Headhunters: Toronto Review
"Game of Thrones" actor Nikolaj Coster-Waldau, Aksel Hennie and Synnøve Macody Lund star in director Morten Tyldum's crime thriller.
Thoroughly ludicrous but hardly unentertaining, Headhunters could have benefitted from a more gut-level approach than Morten Tyldum's arch self-seriousness, which flirts once or twice with American Psycho-like irony but never really goes there. The chase-heavy Norwegian crime flick is twisty enough to please many arthouse patrons, though some will be rolling their eyes by the end.
Aksel Hennie plays Roger, a preening corporate middleman who would be despicable even if he weren't cheating on the wife he doesn't deserve. He betrays everyone, in fact: His career as a headhunter is just a ruse for him to win the trust of wealthy executives, learn about their assets and habits, and schedule appointments for them with other clients, during which he can rob their homes.
The film paints Roger as such a smooth operator, all catsuits and Swiss timing, that the way his troubles begin -- he stops in the midst of stealing a Rubens from hunky tycoon Clas (Nikolaj Coster-Waldau) to call his wife, thus learning that she's having an affair with said hunk -- is a contrivance we almost can't swallow.
The movie quickly diverts us when Clas, whose career in GPS technology dates to his experience as a military special-forces tracker, decides he needs to kill Roger. The cat-and-mouse action starts early and lasts for most of the film, missing the opportunity to build the threat slowly, but what Headhunters lacks in mystery it makes up for in extreme scenarios: Midway through, Roger hides from a bloodthirsty hound by sinking into an outhouse's muck, and that's arguably not even the most disgusting thing that happens to him.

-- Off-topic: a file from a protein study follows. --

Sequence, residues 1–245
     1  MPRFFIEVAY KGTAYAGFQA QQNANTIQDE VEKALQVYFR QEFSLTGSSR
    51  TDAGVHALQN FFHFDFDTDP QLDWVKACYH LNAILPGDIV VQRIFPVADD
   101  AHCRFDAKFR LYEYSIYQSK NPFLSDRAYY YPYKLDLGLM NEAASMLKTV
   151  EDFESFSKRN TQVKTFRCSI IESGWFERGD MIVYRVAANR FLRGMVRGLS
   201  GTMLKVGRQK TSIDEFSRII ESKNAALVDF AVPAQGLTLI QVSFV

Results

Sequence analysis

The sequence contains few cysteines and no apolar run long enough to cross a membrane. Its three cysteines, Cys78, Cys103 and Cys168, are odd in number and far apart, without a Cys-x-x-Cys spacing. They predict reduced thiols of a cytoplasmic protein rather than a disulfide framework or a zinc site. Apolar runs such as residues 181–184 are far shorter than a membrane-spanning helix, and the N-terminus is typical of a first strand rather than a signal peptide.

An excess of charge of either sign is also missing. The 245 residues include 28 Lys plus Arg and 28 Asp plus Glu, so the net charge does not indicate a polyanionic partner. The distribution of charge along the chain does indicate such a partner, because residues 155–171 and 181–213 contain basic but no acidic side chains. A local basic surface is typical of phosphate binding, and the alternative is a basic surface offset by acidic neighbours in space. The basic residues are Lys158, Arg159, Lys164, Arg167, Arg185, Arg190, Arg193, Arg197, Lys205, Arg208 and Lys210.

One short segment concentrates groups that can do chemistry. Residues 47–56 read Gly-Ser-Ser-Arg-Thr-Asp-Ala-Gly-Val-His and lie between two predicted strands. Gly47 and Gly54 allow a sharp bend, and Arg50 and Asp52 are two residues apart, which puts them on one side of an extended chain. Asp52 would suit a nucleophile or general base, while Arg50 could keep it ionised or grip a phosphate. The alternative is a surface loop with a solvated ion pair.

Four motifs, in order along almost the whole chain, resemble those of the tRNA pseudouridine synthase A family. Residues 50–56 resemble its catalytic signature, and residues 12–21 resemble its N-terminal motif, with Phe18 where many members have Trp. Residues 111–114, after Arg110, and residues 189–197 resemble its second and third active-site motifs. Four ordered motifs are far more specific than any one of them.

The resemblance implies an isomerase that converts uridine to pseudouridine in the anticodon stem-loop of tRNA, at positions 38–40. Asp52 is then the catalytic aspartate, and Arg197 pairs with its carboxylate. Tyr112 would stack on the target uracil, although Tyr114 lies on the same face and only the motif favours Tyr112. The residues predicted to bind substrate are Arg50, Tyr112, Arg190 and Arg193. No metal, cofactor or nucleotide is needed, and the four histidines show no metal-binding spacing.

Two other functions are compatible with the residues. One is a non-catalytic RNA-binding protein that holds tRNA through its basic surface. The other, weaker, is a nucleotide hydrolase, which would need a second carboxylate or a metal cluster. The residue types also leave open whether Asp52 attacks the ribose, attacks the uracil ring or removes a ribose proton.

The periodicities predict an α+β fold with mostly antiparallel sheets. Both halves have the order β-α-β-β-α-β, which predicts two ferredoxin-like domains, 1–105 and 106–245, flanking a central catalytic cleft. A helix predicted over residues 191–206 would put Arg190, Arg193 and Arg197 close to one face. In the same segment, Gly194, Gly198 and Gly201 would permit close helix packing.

Ice-eyed and sporting a helmet of overlong blonde hair, Hennie sells Roger's self-satisfaction so well in the film's opening scenes that we ache for his comeuppance. So Tyldum has a problem when he expects us to start rooting for his survival. One imagines how this might have played out with someone like the young Sam Raimi at the helm -- a director who would play up the absurd comedy of the plot's increasingly gruesome action, allowing viewers to enjoy Roger's torment even as the mechanics of a chase film invest us in his survival.
As it plays here, the movie's eventual effort to make all right in Roger's world is neither believable nor satisfying, but it isn't so off-key as to spoil the silly kicks that precede it.
Venue: Toronto International Film Festival (Magnolia)
Production Companies: Friland Film/Yellow Bird Norge/Nordisk Film/ARD Degeto Film
Cast: Aksel Hennie, Synnøve Macody Lund, Nikolaj Coster-Waldau
Director: Morten Tyldum
Screenwriters: Lars Gudmestad, Ulf Ryberg
Producers: Marianne Gray, Asle Vatn
Executive producers: Annie Fernandez, Mikael Wallén, Ole Søndberg, Christian Fredrik Martin
Director of photography: John Andreas Andersen
Production designer: Nina Bjerch Andresen
Music: Jeppe Kaas, Trond Bjerknæs
Costume designer: Karen Fabritius Gram
Editor: Vidar Flataukan
No rating, 100 minutes